Photo by Luca Gialdini

Another free rider seen this month is the tiny emperor shrimp, (Periclimenes imperator), riding on the Granulated sea star (Photo above). The shrimp feeds the gastropod's fecal pellets - Lovely!


Photo by Walter and Josi Nihot

Arguably, the most well known hitchhiker is the Suckerfish, (Remora sp) (photo above and right. They love to attach themselves with larger marine life, such as turtle's, shark's or even divers! Different species grow to form 30 to 90 cm long (1-3 ft) and their head is a flat, oval sucking disk.


Photo by Rene Fritschi


Photo by Luca Gialdini
 


Photo by Luca Gialdini

With a passion for photographing the reefs "hard to find" critters, guest photographer Luca Gialdini was happy to get a great shot of a Harlequin Crab (Lissocarcinus laevis) beside an anemone. A few dives later, to his Surprise, his guides expert eyes spotted the same species on the tip of a soft coral. Only this time it was a Juvenile, around one tenth of the size! (Photo above right). They usually live in symbiosis with tube anemone or on the sand or rubble area, feeding on plankton.

 


Trip Report - (August 2010)
Report from Wakatobi Dive Centre

It's not only Divers that are attracted to Wakatobi's pristine and diverse underwater ecosystem. Over the last month, Wakatobi Dive Resort has hosted more than 27 snorkelers, some of these returning to the Resort for the second or third time!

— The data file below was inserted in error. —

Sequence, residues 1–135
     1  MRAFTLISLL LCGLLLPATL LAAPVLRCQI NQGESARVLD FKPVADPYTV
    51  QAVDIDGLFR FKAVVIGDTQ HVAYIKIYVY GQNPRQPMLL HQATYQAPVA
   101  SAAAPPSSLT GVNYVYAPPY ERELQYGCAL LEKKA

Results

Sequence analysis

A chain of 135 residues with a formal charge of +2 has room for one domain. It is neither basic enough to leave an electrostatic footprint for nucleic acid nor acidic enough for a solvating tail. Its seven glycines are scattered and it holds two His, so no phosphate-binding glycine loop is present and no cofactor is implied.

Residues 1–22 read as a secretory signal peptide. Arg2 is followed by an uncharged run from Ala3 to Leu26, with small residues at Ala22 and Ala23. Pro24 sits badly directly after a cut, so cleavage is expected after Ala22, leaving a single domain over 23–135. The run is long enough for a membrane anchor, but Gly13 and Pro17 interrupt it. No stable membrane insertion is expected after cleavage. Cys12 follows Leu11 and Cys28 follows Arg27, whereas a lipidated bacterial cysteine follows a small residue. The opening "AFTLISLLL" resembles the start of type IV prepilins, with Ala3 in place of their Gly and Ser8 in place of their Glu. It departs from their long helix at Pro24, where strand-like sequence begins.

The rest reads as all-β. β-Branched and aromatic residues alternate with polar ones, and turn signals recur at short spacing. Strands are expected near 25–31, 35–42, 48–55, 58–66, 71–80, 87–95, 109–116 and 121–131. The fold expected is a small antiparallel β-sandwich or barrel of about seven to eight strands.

Whilst husband and father Fabio enjoyed the scuba diving, two avid Italian snorkelers, Paola Ruggiero and her daughter Chiara explored Wakatobi's healthy shallow reef system. "Chiara and I are snorkelers; Fabio is a diver. Wakatobi is the perfect place for both and the only place we have ever found where the snorkeling and the diving are both so good. We were in the water all the time, there wasn't even enough time for reading!" said Paola.

Keen for new underwater experiences, Paola and Chiara were thrilled to be the first guests ever to try Wakatobi's Fluo Snorkeling experience. Aside from the abundant fluorescent corals, they saw Goatfish, Scorpionfish, Moray eels, slipper lobster and many more, all displaying their bright fluo colors!

"Fluo-snorkeling was really such a beautiful and special experience - so dark, the blue, blue light.. and a world of colors. We saw 2 big lobsters fluorescing orange, really close by, so we could see all the patterns on his shell. We saw a fluorescing orange Slipper Lobster, a fluorescent Scorpionfish with a bright orange fluo ball in the middle of his head! A world first! We saw a Crocodilefish fluorescing lime green - another world first, a moray eel brilliant yellow, tube worms, fluorescing like a Christmas decoration, really beautiful, in the middle of the sea grass - and all around the sea grass was a deep purple-red fluorescent - really so beautiful."
Paola Ruggiero August 2010

 


No El Nino @ Wakatobi
Report from Wakatobi Dive Centre - (June 2010)

At a time when the world is experiencing what's been called the worst 'El Nino' yet, Wakatobi's reefs are not only flourishing, but with the recent drop in water temperature last month, are thriving - the most rare of marine critters are suddenly repopulating the reef and numerous diverse marine creatures are reappearing en masse!

Severe coral reef bleaching and even mortality has been reported worldwide, from The Maldives to Thailand's outer islands; the Caribbean to Australia's Great Barrier Reef.